Question: After reading your explanation about how we measure the distance to the Moon [May 5, 2014] it made me wonder how we measure the distance to a star? Obviously, we can’t bounce a laser beam off a star. — KS, Benson, AZ
Answer: You are correct that a laser wouldn’t reflect, but we have bounced a radar beam off a star. The Stanford Electronics Laboratories did that with the Sun back in 1959. It allowed the first direct measurement of the Sun-to-Earth distance — what astronomers call the astronomical unit (AU).
This method isn’t practical for any other stars, even Alpha Centauri, the closest star at 4.1 light years. The signal power and antenna sensitivity required are way beyond current technology. Plus we’d need to wait 8.2 years for the bounced signal to return. Instead, we use a geometric method (at least for the closer stars) that’s been employed for hundreds of years. Astronomers call it the parallax method, and surveyors and navigators call it triangulation. The top graphic explains the geometry involved.
Note how the line of sight to Alpha Centauri points in different directions depending on where Earth is in its orbit around the Sun. The red star is representative of any star so far away that it does not appear to move over a year of observation. The parallax angle shown is WAY larger than reality. For Alpha Centauri at a distance of 4.1 light years (268,000 AU):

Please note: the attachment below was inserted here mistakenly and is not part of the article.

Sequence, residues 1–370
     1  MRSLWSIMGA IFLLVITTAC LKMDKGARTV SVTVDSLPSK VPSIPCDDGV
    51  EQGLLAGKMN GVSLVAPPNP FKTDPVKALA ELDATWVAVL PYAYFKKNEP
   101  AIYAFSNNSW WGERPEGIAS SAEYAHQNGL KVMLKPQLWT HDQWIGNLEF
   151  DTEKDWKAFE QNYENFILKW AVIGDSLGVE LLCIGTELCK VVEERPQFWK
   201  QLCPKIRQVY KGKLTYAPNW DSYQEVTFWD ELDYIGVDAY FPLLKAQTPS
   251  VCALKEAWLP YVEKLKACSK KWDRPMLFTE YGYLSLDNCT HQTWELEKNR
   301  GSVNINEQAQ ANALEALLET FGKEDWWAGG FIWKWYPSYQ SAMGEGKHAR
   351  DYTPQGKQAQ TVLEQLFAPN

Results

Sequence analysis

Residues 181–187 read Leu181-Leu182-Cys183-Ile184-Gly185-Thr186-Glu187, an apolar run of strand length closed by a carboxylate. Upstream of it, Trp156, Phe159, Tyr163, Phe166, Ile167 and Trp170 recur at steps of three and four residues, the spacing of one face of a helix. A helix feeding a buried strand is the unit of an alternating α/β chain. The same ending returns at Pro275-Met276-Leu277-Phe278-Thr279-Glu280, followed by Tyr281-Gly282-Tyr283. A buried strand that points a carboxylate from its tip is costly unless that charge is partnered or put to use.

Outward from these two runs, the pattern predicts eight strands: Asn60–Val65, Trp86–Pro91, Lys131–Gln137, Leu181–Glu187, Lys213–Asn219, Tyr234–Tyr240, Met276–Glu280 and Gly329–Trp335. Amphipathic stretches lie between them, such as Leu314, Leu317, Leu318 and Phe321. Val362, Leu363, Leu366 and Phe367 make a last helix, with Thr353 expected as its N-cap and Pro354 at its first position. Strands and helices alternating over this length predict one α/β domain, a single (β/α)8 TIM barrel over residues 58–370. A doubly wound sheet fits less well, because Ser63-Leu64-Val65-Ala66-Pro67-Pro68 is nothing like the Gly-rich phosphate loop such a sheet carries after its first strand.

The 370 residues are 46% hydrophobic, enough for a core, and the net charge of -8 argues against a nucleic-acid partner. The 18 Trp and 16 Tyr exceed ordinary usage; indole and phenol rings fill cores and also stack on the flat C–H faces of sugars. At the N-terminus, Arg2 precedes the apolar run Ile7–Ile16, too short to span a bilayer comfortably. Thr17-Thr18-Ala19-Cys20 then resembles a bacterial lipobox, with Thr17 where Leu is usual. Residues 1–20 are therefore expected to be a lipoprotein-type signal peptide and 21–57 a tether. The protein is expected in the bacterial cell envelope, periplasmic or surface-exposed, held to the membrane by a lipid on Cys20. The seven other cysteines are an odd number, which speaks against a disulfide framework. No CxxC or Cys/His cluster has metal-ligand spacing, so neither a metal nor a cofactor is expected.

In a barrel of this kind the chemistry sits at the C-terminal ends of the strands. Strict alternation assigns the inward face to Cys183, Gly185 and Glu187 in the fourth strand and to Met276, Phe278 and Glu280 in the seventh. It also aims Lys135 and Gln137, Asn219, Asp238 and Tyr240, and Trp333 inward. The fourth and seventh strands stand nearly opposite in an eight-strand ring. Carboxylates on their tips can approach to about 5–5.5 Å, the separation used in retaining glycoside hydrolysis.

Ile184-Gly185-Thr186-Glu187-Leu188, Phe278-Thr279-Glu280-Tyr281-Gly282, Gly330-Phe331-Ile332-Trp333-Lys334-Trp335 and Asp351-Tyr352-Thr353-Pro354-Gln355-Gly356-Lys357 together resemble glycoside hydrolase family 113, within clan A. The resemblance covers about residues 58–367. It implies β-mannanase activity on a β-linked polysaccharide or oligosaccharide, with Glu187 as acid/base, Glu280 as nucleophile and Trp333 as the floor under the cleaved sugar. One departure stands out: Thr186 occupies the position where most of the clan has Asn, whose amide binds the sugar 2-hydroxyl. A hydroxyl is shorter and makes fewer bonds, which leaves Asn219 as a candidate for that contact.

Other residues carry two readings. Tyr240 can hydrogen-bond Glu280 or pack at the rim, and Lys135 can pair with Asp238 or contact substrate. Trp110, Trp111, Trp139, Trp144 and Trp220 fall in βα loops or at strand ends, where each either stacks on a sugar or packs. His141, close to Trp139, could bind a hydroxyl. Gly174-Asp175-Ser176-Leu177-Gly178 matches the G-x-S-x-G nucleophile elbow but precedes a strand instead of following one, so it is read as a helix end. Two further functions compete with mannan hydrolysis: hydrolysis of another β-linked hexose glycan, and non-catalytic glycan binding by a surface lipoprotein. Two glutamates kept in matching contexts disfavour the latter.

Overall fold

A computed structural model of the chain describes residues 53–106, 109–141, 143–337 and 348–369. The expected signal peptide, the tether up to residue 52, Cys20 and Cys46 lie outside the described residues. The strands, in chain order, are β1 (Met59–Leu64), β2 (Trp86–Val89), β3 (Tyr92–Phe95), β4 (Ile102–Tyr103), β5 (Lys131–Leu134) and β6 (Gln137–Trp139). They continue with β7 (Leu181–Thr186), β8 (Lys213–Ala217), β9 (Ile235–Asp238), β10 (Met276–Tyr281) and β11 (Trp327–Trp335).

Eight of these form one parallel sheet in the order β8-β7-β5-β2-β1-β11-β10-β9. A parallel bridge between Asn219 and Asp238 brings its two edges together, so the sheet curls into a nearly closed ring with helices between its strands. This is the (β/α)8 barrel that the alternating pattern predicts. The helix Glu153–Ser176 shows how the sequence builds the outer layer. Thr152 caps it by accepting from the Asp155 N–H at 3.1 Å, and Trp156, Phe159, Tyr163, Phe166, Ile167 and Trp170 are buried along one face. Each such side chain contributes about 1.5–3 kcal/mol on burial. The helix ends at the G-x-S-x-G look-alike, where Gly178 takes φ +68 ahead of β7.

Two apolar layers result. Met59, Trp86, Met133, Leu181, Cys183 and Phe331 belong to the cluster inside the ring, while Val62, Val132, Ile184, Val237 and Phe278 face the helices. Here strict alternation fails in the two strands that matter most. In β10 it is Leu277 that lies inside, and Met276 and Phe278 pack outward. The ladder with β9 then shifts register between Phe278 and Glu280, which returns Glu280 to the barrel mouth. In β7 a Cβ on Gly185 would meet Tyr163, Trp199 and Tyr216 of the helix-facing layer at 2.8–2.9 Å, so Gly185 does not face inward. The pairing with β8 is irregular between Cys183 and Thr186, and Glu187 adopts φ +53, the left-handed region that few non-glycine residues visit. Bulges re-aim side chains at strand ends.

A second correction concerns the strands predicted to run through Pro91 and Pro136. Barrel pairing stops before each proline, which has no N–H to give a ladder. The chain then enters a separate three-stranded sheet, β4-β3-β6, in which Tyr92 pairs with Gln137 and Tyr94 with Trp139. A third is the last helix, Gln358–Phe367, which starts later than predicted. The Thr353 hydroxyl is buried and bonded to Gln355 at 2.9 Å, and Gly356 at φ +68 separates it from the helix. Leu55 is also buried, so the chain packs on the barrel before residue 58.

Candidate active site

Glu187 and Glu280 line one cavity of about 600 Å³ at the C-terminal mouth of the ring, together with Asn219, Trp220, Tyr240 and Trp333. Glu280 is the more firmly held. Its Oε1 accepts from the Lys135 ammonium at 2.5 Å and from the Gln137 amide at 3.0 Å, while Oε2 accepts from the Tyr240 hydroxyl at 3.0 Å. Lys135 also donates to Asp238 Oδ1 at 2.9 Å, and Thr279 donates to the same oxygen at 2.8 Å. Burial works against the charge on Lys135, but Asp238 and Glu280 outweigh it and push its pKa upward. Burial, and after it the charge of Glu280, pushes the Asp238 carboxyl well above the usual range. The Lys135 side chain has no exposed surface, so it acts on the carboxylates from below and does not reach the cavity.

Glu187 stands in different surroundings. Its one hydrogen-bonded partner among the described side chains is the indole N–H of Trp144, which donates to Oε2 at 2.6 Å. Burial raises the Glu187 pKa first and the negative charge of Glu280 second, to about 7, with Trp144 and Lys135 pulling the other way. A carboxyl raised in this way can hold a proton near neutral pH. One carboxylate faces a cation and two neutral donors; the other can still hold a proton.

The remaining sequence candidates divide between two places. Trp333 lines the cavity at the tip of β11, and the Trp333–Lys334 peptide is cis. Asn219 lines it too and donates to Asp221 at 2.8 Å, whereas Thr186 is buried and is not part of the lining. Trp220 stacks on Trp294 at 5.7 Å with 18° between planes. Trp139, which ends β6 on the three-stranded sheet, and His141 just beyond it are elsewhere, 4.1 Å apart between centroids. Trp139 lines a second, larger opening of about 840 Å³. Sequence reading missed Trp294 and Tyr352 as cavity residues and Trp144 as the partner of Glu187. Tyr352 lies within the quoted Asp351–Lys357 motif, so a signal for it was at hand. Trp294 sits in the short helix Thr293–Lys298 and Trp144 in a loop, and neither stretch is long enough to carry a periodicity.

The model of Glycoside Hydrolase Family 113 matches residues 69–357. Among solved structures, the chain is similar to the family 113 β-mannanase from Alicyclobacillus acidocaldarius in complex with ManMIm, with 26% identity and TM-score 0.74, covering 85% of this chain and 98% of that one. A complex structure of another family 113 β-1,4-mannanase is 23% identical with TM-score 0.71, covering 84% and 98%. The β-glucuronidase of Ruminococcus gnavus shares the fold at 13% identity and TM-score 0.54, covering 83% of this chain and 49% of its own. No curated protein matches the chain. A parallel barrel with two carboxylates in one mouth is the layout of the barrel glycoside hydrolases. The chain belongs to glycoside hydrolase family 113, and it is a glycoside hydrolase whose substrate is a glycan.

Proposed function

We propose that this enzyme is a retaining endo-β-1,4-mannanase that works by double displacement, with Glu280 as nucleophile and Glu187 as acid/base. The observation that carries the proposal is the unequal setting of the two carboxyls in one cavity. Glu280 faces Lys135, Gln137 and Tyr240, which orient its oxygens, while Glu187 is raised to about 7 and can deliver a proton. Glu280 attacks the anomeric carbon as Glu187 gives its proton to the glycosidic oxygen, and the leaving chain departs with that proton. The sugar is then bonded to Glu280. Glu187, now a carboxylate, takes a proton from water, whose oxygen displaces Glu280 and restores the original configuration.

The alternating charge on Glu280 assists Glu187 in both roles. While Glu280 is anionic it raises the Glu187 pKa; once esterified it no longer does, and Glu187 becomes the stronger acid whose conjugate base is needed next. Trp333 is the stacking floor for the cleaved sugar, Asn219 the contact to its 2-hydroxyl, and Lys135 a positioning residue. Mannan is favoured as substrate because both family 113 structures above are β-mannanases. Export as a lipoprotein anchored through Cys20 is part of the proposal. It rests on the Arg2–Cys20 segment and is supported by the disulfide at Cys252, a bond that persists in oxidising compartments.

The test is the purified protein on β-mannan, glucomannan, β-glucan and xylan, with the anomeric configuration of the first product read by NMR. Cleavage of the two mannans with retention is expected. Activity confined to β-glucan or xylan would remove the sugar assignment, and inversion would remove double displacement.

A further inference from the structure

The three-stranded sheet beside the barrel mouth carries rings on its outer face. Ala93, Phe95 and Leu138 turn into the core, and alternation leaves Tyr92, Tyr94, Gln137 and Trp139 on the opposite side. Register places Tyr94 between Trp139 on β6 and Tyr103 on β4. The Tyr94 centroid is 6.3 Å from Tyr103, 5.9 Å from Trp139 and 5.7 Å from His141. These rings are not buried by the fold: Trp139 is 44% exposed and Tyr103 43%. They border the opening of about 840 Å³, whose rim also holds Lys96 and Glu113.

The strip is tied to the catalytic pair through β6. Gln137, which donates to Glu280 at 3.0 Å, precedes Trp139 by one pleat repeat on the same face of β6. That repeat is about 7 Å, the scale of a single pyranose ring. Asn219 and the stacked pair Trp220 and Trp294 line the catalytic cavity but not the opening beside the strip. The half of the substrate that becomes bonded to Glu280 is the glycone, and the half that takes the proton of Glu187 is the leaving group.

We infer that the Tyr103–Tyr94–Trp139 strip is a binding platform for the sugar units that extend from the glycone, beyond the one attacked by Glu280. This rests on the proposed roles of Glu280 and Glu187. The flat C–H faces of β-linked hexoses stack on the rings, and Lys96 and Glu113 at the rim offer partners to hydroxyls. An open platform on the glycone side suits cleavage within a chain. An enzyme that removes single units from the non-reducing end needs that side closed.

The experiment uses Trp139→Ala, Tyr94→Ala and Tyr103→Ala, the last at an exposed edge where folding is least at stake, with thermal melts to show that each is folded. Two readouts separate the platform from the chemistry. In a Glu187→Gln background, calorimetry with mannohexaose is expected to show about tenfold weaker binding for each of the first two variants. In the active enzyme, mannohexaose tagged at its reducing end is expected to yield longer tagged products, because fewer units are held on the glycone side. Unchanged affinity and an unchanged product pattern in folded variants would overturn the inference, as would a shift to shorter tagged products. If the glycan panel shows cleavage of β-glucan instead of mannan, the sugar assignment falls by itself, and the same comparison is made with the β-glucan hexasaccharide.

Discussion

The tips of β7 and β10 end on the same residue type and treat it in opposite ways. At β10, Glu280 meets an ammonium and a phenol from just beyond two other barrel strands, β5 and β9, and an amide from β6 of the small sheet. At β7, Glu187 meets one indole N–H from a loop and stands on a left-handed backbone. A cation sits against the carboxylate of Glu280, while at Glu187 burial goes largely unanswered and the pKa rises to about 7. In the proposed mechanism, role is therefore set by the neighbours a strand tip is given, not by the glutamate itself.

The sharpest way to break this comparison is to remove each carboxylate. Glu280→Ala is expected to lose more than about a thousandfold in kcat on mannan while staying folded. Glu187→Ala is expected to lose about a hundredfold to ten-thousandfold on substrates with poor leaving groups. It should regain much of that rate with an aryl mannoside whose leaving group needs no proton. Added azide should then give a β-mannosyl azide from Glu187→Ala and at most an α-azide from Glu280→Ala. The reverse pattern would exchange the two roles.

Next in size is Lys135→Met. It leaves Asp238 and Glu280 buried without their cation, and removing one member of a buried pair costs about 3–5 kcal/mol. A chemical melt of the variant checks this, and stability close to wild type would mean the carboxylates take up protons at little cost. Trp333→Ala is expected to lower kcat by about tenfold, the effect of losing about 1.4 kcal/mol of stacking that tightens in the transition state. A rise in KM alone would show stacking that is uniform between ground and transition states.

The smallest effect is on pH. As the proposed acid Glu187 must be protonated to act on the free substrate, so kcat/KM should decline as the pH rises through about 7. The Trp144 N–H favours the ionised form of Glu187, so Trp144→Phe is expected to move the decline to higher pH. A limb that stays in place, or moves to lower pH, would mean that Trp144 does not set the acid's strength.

θ = tan-1(2 AU / 268,000 AU) = 0.00043° = 1.5″ (arcseconds)
where 1″ = 1/3600 of 1°. That’s a very tiny shift in position. It’s invisible to the eye but can be measured with a telescope. The animation below shows an exaggerated view what parallax shift looks like from the Earth frame of reference as Earth moves around its orbit. In this case, the white star lies in the plane of Earth’s orbit, but in general, the shifting star traces out an elliptical path where the major axis of the ellipse equals θ:
A shift of 1.5″ isn’t much when you consider the Full Moon has a diameter of 1800″. Fortunately, the best Earth-based telescopes can measure parallax to a precision of 0.01″, and space telescopes to 0.001″. With 0.001″ precision, we can measure the distances of stars out to a few thousand light years — a spherical volume that contains about a billion stars. This is thanks to data from Gaia, ESA’s space telescope.
For more distant stars different methods are employed. The farther out you go, the more indirect the methods, and the more uncertain the calculated distances. Those methods are beyond the scope of this post, but if you’re interested take a look at the cosmic distance ladder.
Next Week in Sky Lights ⇒ Artificial Gravity